After my undergraduate studies in Split I had the perfect first client. Father Ivica of the Church of St. Philip and James in Vukovar asked me to design the candleholder for the newly renovated areas. I was hesitant about the idea since it had a lot more to do with product design than architecture, but I am so grateful for the opportunity as it really opened my eyes and made me realize that I can do it and that I can expand my skillset and really let creativity flow. I truly appreciate that Father Ivica gave me complete freedom and accepted all my ideas. He saw value in what I created. On my last year, another project followed where I designed the souvenir and ticket shop for the church’s museum. I was inspired by the museum itself so we decided to arrange the shop in a similar way where the souvenirs would be presented as exhibits in a museum, and the actual products for sale would stand in the background. Again, I was met with approval and the project was quickly finished and is now in full operation.

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Your graduate thesis was an interesting proposal, can you tell us about that?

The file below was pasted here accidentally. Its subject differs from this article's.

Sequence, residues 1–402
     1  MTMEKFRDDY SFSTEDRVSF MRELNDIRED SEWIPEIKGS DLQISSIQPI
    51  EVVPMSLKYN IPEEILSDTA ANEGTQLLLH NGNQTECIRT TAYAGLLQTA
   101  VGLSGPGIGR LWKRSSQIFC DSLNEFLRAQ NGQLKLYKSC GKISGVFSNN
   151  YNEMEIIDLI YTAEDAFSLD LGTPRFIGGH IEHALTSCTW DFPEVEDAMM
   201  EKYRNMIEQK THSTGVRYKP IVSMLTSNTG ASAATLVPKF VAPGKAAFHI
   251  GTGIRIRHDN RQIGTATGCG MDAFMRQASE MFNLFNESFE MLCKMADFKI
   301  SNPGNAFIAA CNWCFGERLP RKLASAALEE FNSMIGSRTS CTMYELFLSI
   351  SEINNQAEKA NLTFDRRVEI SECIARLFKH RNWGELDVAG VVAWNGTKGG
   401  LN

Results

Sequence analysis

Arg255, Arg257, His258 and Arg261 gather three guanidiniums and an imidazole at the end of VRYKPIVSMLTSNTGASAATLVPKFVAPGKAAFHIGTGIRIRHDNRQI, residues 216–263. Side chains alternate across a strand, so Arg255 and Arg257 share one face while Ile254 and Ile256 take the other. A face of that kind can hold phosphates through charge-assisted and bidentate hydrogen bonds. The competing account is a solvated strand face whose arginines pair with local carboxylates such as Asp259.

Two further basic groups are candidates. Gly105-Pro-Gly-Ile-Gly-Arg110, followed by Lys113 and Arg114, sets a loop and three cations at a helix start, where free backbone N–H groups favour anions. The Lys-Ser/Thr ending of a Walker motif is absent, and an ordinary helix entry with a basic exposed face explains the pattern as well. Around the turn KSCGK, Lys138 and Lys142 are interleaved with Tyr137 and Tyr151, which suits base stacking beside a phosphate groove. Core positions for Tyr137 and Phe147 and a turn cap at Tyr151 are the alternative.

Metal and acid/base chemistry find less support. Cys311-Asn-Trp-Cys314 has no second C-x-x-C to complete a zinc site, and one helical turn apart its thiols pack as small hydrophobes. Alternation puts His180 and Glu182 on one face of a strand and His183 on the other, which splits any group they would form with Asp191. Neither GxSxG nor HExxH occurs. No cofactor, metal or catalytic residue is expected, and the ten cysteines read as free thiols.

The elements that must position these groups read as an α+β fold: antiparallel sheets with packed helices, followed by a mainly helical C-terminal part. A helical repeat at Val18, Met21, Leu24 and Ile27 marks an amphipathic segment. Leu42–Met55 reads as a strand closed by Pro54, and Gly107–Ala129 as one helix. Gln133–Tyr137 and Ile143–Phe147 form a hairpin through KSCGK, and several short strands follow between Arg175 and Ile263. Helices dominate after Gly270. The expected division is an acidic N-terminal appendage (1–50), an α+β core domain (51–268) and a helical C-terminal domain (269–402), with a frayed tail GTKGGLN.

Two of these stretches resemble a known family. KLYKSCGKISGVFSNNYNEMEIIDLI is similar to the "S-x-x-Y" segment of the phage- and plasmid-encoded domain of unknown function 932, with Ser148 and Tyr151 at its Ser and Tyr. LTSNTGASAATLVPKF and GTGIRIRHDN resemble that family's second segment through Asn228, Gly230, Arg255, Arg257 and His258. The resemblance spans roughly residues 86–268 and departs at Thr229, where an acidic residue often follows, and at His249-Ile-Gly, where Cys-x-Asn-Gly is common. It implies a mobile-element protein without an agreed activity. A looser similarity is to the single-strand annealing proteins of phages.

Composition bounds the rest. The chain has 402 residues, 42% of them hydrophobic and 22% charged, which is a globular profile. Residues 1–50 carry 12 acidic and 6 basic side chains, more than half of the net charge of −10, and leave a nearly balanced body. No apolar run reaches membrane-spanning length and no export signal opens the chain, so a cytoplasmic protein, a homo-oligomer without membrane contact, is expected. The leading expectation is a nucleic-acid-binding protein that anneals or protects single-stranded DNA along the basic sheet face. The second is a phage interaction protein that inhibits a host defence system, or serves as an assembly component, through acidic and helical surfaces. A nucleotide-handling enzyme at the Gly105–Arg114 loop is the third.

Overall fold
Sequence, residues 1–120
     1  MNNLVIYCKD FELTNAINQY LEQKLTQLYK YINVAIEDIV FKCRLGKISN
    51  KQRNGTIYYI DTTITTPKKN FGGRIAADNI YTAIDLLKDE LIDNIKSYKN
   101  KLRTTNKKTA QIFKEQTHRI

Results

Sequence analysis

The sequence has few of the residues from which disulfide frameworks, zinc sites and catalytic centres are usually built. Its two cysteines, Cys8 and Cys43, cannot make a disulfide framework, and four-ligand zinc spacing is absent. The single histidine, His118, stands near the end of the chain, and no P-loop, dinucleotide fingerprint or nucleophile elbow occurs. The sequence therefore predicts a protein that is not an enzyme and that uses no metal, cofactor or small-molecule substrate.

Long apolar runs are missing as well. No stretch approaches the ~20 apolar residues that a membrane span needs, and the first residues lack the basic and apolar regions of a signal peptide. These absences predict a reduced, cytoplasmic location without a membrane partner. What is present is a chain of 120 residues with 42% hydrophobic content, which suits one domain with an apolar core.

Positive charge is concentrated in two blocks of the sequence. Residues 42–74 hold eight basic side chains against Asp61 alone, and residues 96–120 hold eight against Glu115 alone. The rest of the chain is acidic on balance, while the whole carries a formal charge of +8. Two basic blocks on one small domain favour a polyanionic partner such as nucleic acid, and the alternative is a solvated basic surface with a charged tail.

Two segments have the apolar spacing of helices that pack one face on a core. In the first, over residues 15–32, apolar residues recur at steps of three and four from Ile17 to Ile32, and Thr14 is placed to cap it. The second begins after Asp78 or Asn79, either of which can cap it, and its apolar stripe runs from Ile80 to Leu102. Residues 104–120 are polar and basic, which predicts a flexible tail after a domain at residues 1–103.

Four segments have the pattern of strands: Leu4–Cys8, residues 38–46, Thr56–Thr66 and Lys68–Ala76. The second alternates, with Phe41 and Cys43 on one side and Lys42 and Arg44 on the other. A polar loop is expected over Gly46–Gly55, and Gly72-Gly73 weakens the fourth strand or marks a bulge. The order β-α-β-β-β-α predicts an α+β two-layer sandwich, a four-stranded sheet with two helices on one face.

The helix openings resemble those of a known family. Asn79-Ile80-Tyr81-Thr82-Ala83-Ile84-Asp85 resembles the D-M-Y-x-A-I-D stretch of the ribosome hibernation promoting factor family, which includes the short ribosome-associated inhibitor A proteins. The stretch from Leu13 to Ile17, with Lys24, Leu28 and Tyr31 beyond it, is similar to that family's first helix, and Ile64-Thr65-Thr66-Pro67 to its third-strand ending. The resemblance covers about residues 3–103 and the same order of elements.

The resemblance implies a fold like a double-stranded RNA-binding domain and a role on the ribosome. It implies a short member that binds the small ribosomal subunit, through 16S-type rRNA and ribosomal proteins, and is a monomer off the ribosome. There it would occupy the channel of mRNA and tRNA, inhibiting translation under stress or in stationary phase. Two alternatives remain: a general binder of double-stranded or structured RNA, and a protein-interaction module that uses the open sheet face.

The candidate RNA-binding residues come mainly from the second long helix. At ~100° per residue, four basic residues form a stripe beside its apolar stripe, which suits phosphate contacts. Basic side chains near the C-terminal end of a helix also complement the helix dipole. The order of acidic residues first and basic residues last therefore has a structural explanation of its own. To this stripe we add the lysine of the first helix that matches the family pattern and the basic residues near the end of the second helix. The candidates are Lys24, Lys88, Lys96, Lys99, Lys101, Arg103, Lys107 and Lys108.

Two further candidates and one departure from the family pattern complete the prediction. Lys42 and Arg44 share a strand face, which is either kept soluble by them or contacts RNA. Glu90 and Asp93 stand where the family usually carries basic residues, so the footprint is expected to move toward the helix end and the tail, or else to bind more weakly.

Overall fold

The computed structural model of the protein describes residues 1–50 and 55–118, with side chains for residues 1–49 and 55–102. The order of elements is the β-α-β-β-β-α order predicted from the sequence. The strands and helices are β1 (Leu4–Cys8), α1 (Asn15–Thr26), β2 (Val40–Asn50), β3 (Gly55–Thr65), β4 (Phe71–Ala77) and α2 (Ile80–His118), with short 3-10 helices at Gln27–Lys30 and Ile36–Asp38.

I started thinking about Vukovar and I realized that one of the biggest unresolved issues there was situated right in the middle of the most valuable area – the old hotel Dunav, which now stands in ruins without any purpose. I became curious and started exploring the possibilities. I knew that it did not make much sense to just go with a massive hotel and that it needed other facilities, so I decided to make it into a conference centre as well.  As for the design itself, I wanted it to be an extension of the architecture of Vukovar so I based it on the famous arcades of the city centre.

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After I graduated, I even had an opportunity to present my project to the mayor. Though he did like the idea, the question remains of who the investor would be for such a project. There are a few different sides to the story, and it’s really about politics. It might be very slow, if at all possible, to reach an agreement and get started, but my main goal was to at least get the conversation going. I heard that the discussion is indeed happening and that makes me happy. 

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Why Denmark, how did that happen?